Play this in 4th position, and make sure you have a finger dedicated to each fret. (1st finger - 4 th fret, 2nd finger = 5th fret, 3rd finger = 6th fret, 4th finger = 7th fret) I recommend to use a metronome and be able to play it without any mistakes before moving on to the next part. Make sure to practice playing the descending version of this scale as well. To apply 3rd intervals to this scale, I am going to start off with a pattern that looks like this (in terms of scale tone numbers) 1 3, 2 4, 3 5, 4 6, 5 7 etc Essentially we're using a note, skipping one, then using the next. This pattern is then repeated starting on the note we skipped. Here is what it looks like going up the FIRST octave - remember to use PROPER FINGERS for this. Use the FINGER ROLLING technique where you have to.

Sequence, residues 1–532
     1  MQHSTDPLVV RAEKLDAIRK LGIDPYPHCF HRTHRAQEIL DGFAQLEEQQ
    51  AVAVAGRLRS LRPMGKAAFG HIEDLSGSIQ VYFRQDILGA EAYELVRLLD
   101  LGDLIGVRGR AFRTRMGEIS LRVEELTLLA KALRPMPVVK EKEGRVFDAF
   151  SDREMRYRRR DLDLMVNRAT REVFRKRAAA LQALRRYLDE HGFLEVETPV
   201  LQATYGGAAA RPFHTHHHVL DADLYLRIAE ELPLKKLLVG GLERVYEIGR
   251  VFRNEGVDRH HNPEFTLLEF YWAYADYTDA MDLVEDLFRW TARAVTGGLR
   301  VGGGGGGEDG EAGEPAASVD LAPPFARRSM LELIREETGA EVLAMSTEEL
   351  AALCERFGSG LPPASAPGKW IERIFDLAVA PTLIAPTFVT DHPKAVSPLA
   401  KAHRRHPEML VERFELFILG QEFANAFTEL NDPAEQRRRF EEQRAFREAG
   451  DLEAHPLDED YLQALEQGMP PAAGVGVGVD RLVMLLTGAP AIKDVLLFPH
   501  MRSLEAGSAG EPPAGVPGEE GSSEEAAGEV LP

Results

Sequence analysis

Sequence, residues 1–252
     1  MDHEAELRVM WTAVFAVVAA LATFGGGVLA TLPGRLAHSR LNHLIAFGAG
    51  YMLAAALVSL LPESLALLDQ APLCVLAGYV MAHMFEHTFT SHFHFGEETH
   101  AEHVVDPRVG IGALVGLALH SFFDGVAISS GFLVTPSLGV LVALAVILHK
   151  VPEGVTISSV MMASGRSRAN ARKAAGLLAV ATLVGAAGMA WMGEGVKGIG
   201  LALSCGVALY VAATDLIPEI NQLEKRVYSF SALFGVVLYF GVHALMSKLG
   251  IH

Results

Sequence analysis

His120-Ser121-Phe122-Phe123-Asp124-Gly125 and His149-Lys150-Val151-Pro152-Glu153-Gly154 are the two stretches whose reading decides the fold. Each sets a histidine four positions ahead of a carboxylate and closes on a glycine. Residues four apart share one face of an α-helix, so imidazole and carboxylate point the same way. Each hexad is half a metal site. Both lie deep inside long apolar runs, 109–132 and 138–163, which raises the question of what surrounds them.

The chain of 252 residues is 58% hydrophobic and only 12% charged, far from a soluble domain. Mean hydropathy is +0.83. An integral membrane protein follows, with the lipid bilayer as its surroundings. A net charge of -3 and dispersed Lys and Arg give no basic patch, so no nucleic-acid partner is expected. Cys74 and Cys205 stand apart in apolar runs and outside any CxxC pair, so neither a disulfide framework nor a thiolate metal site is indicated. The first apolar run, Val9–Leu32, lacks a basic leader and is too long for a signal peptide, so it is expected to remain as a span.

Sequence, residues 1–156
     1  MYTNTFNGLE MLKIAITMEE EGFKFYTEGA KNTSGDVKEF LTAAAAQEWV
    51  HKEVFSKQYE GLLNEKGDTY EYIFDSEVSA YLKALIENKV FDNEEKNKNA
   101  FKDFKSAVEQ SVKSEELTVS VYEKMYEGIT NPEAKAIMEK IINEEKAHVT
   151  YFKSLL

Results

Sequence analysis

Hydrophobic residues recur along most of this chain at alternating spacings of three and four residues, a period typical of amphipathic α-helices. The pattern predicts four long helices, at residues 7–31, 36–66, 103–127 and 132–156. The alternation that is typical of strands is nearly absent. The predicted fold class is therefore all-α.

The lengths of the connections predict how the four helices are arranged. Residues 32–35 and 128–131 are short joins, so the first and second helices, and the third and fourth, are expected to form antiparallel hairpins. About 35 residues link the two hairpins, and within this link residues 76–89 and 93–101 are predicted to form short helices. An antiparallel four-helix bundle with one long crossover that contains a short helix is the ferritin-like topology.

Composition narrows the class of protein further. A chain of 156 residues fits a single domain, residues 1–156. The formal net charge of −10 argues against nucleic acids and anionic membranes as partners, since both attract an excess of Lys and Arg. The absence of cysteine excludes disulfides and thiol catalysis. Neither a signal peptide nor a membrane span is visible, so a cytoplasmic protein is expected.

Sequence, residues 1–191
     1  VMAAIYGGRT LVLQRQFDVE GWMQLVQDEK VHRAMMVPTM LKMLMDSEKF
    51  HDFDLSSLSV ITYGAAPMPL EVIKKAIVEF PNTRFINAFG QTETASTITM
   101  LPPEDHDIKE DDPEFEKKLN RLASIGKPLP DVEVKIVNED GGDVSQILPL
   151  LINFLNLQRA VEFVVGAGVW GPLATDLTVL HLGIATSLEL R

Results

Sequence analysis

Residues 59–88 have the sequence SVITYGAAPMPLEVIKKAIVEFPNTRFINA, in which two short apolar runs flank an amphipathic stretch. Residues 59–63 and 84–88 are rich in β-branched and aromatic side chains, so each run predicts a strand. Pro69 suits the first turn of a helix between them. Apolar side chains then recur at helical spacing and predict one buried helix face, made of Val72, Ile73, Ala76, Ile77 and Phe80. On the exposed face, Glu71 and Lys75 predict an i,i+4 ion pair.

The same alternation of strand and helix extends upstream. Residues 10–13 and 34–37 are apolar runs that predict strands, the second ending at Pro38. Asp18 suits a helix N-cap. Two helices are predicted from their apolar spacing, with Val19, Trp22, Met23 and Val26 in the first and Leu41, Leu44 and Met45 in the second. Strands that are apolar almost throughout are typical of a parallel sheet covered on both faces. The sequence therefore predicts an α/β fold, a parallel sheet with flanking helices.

E |----------------------------|----------------------------||
B |----------------------------|----------------------------||
G |----------------------------|-----------------4----------||
D |-----------------------4----|-----6--4--7--6-----7-------||
A |-----4-----5--4--7--5-------|--7-------------------------||
E |--5-----7-------------------|----------------------------||
Get this memorized and be really comfortable before moving to the second octave. If you don't, it will slow you down tremendously. Here is the second octave:
E |----------------------------|-----4-----5--4--7--5-------||